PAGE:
Classic Coverage: Jacob Foutz Wearing a “Classic” Game Face

At a pre-tournament angler's meeting at the 2018 Bassmaster Classic in Greenville, S.C., young Jacob Foutz definitely has a game face on. (Photo courtesy BASS)

GREENVILLE, S.C. – As these words are posted Jacob Foutz is on South Carolina’s Lake Hartwell for the final day of practice prior to the biggest bass tournament of his young career. It is, in fact, the biggest bass tournament of ANY anglers’s career.

Foutz, a 19-year-old sophomore at Bryan College in Dayton, Tenn. qualified for the world famous Bassmaster Classic, considered by most to be “The Super Bowl of Bass Fishing.” He qualified by coming out on top in the 2017 Carhartt Bassmaster College Series. Just qualifying to fish the Classic is the equivalent of an Emmy nomination. Winning is the pinnacle, but just being nominated (or qualifying) is an incredible accomplishment in itself.

Foutz has been in Greeneville for fishing practice and pre-tournament preparations since last week.

Kevin VanDam is perhaps the most well-known and successful professional bass angler in history. With total BASS career winnings of more than $6 million, VanDam has won the Bassmaster Classic four times and once again is among the 51 anglers Foutz will compete against. (Photo courtesy BASS)

“Oh man, it’s been incredible,” said Foutz Tuesday night. “It’s just breathtaking hanging out with these guys I consider my heroes. I’ve enjoyed every second of it and look forward to all the experiences coming my way in the next few days.”

There is an amazing lineup of professional anglers for the 2018 Classic, and Foutz said most of the pros have been incredibly willing to offer advice. The young man from Charleston, Tenn. has been rubbing shoulders with folks like Kevin VanDam (26 Classic appearances, 4 wins), Mike Iaconelli (18 Classic appearances, 1 win) and Mark Davis (19 Classic appearances, 1 win).

“Everyone has given me tips and pointers because they’ve all been through what I’m going through,” said Foutz.

Thousands, perhaps millions of fans in person, online and on TV, will see “Bryan College” and “Christ Above All” as Jacob Foutz and his boat make their way into the Bassmaster Classic weigh-ins at the Bon Secours Wellness Arena in Greenville, S.C. Friday, Saturday and Sunday. (Photo: Richard Simms)

Many professional anglers get tagged with some sort of moniker or nickname. Foutz has been dubbed, “The Paperboy.”

“Bassmaster emcee Dave Mercer started calling me that because I’m so young looking, and it kinda stuck,” said Foutz. “I’m gonna embrace it and have fun with it. It’s good for my brand, and it’s fun for fans of bass fishing.”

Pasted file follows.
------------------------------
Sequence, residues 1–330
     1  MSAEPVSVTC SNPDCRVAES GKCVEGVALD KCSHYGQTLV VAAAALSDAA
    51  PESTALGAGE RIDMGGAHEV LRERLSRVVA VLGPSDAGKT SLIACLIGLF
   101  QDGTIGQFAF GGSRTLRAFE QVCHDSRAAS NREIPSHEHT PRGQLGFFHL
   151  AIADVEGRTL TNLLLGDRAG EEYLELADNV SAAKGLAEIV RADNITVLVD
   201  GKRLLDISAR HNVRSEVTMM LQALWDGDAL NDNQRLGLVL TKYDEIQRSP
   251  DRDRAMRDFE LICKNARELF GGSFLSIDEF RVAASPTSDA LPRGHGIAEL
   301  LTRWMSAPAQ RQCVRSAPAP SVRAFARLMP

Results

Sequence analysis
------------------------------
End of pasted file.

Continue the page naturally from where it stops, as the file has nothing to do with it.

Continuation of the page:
The pros, including Foutz, are saying that Lake Hartwell is hard to pattern right now.

Classic angler Jacob Powroznik said, “This is going to be a tournament where somebody has got 10 rods on the deck, and they’re going to catch five bass a day doing five different things.”

Jason Christie said, “I think the guy that wins is going to say that he had no idea after practice.”

Barring today’s practice, Foutz said he falls into that group so far.

“I haven’t found anything I’m super confident in,” he said. “You might catch one in six inches of water and then slide out and catch one in 30 feet. It’s been hard to duplicate anything.”

Hartwell has been just like Chickamauga… it filled to the brim in late February in conjunction with historically warm weather. Now colder temperatures are the norm for the last few days.

“I’ve probably spent 90 percent of my practice time fishing and 10 percent just riding around graphing,” he said. “I’m looking forward to this last day of practice and hopefully stumble on something that’s going to win this deal.”

If he wins he would be the youngest competitor in history to do it. Foutz believes it will take at least 50 lbs. of bass to win the 3-day Classic. Hartwell holds a mixture of largemouth and spotted bass. It’s likely the winner will be targeting largemouth. The Bassmaster Classic has been held on Lake Hartwell twice before. In 2015 it took 50 pounds, 1 ounce to win the Classic. In 2008 it took 49-7, but both of those tournaments were held the third week in February.

Foutz said in practice so far his best fish has been around five pounds with a couple of four’s and three’s.

He said, however, “I’ve been shaking fish off… trying not to hook them,” a common practice for professional anglers in practice.

Lake Hartwell includes an incredible diversity of cover and structure. Foutz has fished the lake before so it’s not all new to him. Again he emphasizes that every day is a different day and that today’s last day of practice might yield new information. But as of Tuesday night Foutz said he suspected he’s going to be fishing boat docks.

“The most consistent bite I have is on docks back in pockets,” he said.

Friday’s first day of competition will reveal if it is “consistent” enough for The Paperboy.

Richard Simms will be in Greenville covering the Classic and specifically keeping tabs on Jacob Foutz. You can keep up with regular updates by following Simms on Facebook or follow “ScenicCityFishing” on Instagram or “ScenicCityFish” on Twitter.


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